A few years ago, a block on Sancho de Ávila Street in Barcelona looked like a fairly typical city block—a couple of lanes of traffic, a row of parked cars on one side, and a bike lane on the other. Today, it’s almost unrecognizable. The cars are gone, there are picnic tables and planters in the middle of the street, and kids use the area as a playground.
It’s part of Barcelona’s “Superblocks” project, which transforms nine-block grids of the city into areas that prioritize pedestrians and cyclists instead of cars (on some streets, cars are still allowed, but they only have a single lane of traffic and lower speed limits). The city has created six superblocks to date but has talked about creating a total of 503. A new study looks at how that massive transformation would impact health—and calculated that it could prevent nearly 700 premature deaths each year, increase life expectancy by an average of almost 200 days, and save around 1.7 billion euros a year.
“When you build a [superblock], the idea is that you take away space from cars and put in space for people,” says Mark Nieuwenhuijsen, director of the Urban Planning, Environment and Health Initiative at ISGlobal, the Barcelona Institute for Global Health, and one of the authors of the study. “When you take the cars away, what is going to happen is that will reduce air pollution levels. Noise levels go down. There’s more space for green space that you can put there, and that also reduces heat island effects . . . and people do more physical activity, they don’t use the car as much.”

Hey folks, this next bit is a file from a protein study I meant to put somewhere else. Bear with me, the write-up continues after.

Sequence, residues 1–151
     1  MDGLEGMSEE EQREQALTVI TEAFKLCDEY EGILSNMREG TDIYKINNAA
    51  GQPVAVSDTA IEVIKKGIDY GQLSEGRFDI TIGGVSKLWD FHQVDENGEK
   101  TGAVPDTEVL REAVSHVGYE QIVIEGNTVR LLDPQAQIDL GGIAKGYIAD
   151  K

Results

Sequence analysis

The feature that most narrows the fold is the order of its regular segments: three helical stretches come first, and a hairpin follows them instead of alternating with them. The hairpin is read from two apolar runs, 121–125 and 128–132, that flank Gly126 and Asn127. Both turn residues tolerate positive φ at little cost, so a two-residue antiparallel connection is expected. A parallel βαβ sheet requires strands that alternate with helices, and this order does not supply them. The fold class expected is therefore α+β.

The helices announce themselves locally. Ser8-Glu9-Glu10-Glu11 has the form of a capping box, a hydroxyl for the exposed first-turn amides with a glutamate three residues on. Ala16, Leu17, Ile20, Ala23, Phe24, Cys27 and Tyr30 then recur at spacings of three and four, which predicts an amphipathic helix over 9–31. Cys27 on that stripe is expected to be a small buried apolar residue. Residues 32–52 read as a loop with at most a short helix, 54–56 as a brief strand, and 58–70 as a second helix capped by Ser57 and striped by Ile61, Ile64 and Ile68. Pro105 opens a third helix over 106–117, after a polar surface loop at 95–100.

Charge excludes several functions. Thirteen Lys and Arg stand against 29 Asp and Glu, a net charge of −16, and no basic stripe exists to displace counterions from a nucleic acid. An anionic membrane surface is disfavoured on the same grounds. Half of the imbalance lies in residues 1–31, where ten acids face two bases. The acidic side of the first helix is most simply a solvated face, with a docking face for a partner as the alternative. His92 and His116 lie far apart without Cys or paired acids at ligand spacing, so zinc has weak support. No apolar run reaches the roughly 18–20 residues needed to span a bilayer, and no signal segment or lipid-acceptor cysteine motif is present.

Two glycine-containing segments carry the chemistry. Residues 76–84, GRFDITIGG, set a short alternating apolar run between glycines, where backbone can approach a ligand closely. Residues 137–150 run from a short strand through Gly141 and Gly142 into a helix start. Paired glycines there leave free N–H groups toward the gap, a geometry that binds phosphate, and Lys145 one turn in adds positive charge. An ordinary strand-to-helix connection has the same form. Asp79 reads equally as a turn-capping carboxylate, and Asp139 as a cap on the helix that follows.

Reducing smog from cars has the biggest benefit for health, but reducing traffic noise also has a significant impact. Making the city cooler by adding green space also matters, since that mitigates the effect of heat waves, which can be deadly. Switching to electric cars would help cut pollution and noise somewhat, but it doesn’t have as much benefit as rethinking urban design. “You definitely still need to have the same infrastructure for electric cars as normal cars so you still would have this strong heat-island effect because you still need to have the asphalt there,” says Nieuwenhuijsen. He notes that some of the air pollution from cars comes from tires, not the exhaust—and electric cars still create that type of pollution. If it’s easy to drive electric cars, people will still be less likely to walk or bike or take public transit.
If Barcelona implements its planned changes for the entire city, the result will cover far more area than Oslo’s car-free city center or a car-free area in Madrid, both of which are around one square kilometer; Barcelona is about 80 square kilometers. “It would be a much bigger impact,” he says. Because traffic can still flow around the perimeter of the superblocks, it also might be somewhat easier to implement than a fully car-free city. “There’s so much invested interest in the car that it’s very hard to get the car completely out of the city.”
Something similar could happen in other cities. A city council member in Seattle, for example, is interested in bringing a six-block superblock to Seattle’s Capitol Hill neighborhood. The design would be less effective in typical sprawling American suburbs, says Nieuwenhuijsen, but “where you get a bit of density, I think that would work quite well.” Where it does work, it can have benefits beyond health—as people gather at playgrounds and parks that replace streets, meeting neighbors, for example, and as greenhouse gas emissions shrink and green spaces grow. “A lot of people live in cities or are going to be living in cities in the future,” he says. “So we need to make these cities also very livable, and healthy. We need innovative ideas like the superblocks to do this.”